- The National Football Museum and the FIFA World Football Museum
Despite a history that spans over 150 years, soccer has only recently become the focus of national and international museums. Today's era of museum construction coincides with the increased academic study of the game, and two museums have distinguished themselves as custodians of soccer's history while becoming popular venues for English-speaking audiences: the National Football Museum in Manchester, England, and the FIFA World Football Museum in Zürich, Switzerland.
A joint initiative between the English Football Association and League, FIFA, and other agencies created the original framework for the National Football Museum (NFM) in 1995. The museum first opened at Preston's Deepdale Stadium in 2001 and moved to downtown Manchester in 2012. Dubbing itself the "biggest" soccer museum in the world, the NFM attracts over 500,000 visitors per year and boasts a massive collection of over 140,000 objects, including the FIFA-L angton, Football Association, and Football League collections, as well as the UEFA library. Situated within the striking glass façade of the Urbis Building, the museum features an open first floor that accommodates "pop-up" events and allows visitors to pose for photos with the FA Cup and Premier League trophies.
The permanent collection begins on Level 1 and is organized into a thematic yet chronological history. Topics include, among other subjects, the game, a section featuring forerunners of modern football and a timeline of soccer's history; fans, an area devoted to fan cultures ranging from collectibles to hooliganism; competition, with a touchscreen database of every English league table since the 1888/89 season; stadiums, a study of evolving design and safety features at football grounds; the media, where diverse forms of journalism and broadcasts are chronicled; clubs, a celebration of famous teams within men's and women's soccer; players, a study of iconic and historically significant athletes; and competition, a history of major tournaments. While the NFM focuses on the English game, particularly the league system and national teams, a global context runs throughout the exhibitions.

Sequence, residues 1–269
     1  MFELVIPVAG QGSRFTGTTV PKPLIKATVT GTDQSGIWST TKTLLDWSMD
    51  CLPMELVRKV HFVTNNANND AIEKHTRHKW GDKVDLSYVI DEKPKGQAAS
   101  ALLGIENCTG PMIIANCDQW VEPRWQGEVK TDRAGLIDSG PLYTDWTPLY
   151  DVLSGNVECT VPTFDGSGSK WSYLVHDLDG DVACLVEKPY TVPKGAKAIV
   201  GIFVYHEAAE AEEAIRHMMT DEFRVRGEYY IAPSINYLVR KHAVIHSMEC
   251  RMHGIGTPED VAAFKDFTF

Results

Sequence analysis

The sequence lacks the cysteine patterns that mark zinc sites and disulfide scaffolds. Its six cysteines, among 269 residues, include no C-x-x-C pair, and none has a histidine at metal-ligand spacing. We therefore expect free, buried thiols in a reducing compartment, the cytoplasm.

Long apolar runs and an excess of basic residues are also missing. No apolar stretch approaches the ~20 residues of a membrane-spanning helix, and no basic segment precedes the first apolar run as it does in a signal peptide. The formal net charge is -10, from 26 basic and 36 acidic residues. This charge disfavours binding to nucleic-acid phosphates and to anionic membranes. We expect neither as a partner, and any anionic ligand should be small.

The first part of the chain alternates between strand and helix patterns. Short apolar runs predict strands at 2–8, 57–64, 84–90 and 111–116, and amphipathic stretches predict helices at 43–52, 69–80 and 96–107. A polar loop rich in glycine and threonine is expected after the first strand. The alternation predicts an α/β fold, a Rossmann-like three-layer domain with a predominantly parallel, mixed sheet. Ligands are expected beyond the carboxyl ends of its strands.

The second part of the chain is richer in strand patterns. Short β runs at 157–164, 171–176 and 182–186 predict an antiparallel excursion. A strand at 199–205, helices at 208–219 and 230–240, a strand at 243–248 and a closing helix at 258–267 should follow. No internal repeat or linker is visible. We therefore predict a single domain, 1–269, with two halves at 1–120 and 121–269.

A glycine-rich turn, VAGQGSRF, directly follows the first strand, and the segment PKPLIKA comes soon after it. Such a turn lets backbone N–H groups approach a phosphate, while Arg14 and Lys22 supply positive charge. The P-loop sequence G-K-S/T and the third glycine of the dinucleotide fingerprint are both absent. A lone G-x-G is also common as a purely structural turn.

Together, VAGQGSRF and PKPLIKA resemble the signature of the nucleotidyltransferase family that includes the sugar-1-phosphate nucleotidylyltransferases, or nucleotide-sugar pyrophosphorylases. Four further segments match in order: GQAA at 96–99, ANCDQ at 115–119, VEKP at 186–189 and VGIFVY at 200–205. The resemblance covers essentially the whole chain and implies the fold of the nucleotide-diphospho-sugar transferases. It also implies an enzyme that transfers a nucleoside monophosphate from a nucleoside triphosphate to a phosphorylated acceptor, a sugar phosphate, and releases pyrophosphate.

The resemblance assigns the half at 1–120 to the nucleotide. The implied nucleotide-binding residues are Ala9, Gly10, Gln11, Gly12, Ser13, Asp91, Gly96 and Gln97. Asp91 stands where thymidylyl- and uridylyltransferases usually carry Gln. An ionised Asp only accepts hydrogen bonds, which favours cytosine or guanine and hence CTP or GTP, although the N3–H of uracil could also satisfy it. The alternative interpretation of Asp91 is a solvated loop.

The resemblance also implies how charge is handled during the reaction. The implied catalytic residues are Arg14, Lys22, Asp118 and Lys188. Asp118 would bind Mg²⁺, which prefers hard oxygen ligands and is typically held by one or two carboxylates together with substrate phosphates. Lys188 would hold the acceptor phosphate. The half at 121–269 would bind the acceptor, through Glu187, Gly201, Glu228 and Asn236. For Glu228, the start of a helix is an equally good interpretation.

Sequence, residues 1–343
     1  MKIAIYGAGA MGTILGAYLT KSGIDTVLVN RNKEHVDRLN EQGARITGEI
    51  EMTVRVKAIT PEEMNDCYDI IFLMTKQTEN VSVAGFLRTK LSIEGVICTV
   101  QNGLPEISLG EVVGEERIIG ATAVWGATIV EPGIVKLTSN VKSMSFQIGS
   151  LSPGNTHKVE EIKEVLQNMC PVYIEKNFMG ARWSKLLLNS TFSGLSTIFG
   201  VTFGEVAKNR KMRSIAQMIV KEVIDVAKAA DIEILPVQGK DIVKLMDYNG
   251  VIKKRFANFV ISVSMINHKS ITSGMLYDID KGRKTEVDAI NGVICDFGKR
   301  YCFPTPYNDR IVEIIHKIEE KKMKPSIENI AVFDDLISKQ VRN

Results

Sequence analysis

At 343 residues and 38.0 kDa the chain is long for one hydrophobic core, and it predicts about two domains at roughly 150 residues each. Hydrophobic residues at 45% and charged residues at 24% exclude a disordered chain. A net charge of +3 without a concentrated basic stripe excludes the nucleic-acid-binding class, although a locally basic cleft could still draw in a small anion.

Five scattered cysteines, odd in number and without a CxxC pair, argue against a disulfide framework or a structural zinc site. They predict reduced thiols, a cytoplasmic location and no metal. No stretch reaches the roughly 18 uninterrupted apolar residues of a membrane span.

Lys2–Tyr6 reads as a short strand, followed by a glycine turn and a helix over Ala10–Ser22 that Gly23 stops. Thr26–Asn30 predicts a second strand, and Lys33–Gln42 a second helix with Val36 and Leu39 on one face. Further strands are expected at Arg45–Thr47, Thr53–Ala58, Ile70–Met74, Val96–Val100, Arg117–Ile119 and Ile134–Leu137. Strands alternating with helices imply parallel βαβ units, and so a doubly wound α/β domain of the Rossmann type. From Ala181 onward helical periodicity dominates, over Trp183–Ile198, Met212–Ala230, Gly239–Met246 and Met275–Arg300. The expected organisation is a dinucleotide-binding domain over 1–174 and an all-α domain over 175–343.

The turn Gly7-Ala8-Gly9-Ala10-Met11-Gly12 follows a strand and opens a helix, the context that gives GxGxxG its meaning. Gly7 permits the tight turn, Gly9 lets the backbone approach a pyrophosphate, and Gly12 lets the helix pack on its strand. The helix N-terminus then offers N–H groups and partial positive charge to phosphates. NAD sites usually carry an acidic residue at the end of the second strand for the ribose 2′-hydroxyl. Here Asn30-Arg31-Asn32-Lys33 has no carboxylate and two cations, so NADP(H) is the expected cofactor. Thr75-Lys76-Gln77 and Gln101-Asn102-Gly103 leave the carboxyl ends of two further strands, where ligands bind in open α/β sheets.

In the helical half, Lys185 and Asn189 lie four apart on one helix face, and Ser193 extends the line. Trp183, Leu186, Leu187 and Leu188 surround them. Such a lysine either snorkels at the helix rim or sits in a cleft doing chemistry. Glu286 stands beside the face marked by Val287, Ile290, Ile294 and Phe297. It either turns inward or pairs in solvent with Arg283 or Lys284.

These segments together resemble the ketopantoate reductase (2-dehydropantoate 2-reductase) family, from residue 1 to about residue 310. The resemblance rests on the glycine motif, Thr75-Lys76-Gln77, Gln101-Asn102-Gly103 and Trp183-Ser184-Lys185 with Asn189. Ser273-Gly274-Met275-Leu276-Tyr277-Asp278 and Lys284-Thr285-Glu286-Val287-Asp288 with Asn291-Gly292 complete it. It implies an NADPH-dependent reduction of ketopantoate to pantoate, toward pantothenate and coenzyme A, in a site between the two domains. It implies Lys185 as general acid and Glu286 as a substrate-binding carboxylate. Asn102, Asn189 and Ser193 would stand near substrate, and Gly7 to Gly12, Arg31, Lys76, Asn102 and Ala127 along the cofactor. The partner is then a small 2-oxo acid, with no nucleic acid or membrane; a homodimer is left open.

The second part of the permanent collection begins on Level 2, which introduces visitors to more general aspects of soccer, including its rules, officials, uniforms, equipment, managers, and training tactics. Interactive displays allow fans to dress up in vintage kits, diagnose injuries through X-rays, and play with a variety of soccer-themed toys. "Football Plus+" offers another way to engage the material. An additional entry fee grants access to various games throughout the museum, including penalty shootouts, goalkeeper saves, and match commentaries. Level 3 hosts temporary exhibitions, with approximately two new shows opening each year. "Pelé: Art, Life, Football" and "The Beautiful Frame: Animation and Sport" are on view until late winter 2018, while previous exhibitions included "Pitch to Pixel: The World of Football Gaming" (2015–16) and "The Greater Game: Football and the First World War" (2014–15). Level 4 houses the "Learning Zone," a classroom for school visits and children's activities, while Levels 5 and 6 contain a suite for events. [End Page 244]
Although not as bold in design as the NFM's Urbis Building, the FIFA World Football Museum (FWFM) occupies a modern edifice adjacent to a major train station in southwestern Zürich. The FWFM opened in February 2016 with a much smaller collection of "1000 exhibits," including photographs, memorabilia, and documents. The museum entrance flanks one of two cafés on site. Greeting visitors on the ground floor is "The Rainbow," a collection of jerseys from each of the 209 nations comprising FIFA. An adjacent timeline organizes the history of the game into four categories: the evolving rules of competition from 1863 to the present; the dates each nation joined FIFA membership; the history of international competitions; and the tenure of every FIFA president.
The museum directs visitors fluidly through its three levels and offers a free phone app to supplement the experience. The first level features "The Foundations," a brief introduction to the origins of the game with accompanying touchscreens that list the international record and ranking for each member nation. The highlight of this floor, and the entire museum, is the...